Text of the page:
The Future of Energy Storage01 Jan, 20225 minutes
Energy is everywhere and everything, and as we become more connected, smart and reliant on t...
Energy is everywhere and everything, and as we become more connected, smart and reliant on technology we are going to need to find ways to harness more energy to survive. Unfortunately, we crossed the “Overshoot Day” on July 29th in 2021, almost a whole month earlier than 2020. This is becoming such a hot topic to the human psyche that some even predict we will be fighting future wars over energy, rather than land or religion – if we weren’t already.
Clearly, the fossil fuel days are over so the attention must be on the genesis of clean renewables. Nuclear fission just won’t cut it. Anything that affects the climate so severely won’t have a long shelf life in the future.
We know we can harness the power of the sun, wind, thermal and seas’ and this can be done during periods where this energy is not needed. However, the issue lies in efficiently storing this energy, the technology is not quite there, yet. We can’t even get our mobile phones/tablets to last for a few days without needing a top-up, and after a couple of years of use, the performance drops to nearly unusable!
When you look at things on a global scale, some have estimated that we would need to increase our energy storage capacity from 140 GW in 2014 to 450 GW in 2050. In 2015, Germany had to jettison 4 percent of its renewable energy storage, and China more than 17 percent, according to Bloomberg New Energy Finance. This lack of efficient energy storage is frankly painful, it is a waste of money, time and resources.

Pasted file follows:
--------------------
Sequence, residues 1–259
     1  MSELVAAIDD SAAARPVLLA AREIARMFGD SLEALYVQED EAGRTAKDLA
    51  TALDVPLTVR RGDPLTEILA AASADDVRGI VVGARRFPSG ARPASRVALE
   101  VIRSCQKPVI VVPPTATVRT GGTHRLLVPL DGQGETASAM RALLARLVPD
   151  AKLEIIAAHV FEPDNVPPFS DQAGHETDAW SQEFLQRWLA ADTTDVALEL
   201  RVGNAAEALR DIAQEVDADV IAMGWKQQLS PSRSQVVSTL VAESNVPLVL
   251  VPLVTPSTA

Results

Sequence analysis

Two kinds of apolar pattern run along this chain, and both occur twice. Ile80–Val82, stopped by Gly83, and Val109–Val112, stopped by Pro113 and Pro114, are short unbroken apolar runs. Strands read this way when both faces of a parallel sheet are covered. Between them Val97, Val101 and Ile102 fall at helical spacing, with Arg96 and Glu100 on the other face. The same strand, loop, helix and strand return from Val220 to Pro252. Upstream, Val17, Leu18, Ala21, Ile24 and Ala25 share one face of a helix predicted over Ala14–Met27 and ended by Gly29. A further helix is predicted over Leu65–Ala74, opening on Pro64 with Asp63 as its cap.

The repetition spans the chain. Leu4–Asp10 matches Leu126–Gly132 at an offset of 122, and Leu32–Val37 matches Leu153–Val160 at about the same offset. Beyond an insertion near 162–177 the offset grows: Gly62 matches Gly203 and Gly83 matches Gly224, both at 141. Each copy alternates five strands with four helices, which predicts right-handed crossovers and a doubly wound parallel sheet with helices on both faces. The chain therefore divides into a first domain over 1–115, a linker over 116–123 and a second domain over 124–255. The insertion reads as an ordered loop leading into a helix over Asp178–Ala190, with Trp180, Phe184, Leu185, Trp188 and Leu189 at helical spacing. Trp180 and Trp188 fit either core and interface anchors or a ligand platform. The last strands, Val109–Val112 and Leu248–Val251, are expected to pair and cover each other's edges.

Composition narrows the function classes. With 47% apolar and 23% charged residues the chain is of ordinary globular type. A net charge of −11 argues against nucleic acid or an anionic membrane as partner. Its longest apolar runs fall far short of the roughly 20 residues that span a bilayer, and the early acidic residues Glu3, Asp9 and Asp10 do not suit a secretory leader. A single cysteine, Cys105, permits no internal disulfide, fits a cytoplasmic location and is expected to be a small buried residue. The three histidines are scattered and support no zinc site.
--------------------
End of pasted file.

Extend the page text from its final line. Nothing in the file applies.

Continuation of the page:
So what is being done about it? Who is trying to solve this energy problem and how can this issue be solved? We might not have all the answers but we have a few predictions.
What is being done about energy storage?
Here in the UK, Greg Clark, Business and Energy Secretary announced in 2017 that £246 million was being invested in battery research and development domestically. In addition to this, the U.K. Carbon Trust will deliver £9.2 million to accelerator storage and other similar technologies.
More recently, approximately £6.7 million in government funding has been awarded to projects aimed at developing new forms of energy storage. This is just a fraction of the £68 million funding opportunity being offered by the Department for Business, Energy and Industrial Strategy in June last year. Collectively, this forms part of the UK government’s aim to reach net-zero while shifting to cleaner energy sources.
Some countries are working towards the issue. The United States' large-scale battery storage capacity will be increased to 17 GW in 2050, according to the U.S. EIA. China’s energy storage capacity stood at 35 GW in 2020, and the country aims to add 30 GW to this by 2025, according to Reuters. However, other countries, like India, are still stalling. A worldwide effort is needed to remedy the problem, and as much as initiatives formed at the G20 summits are all well and good, actual ventures are needed.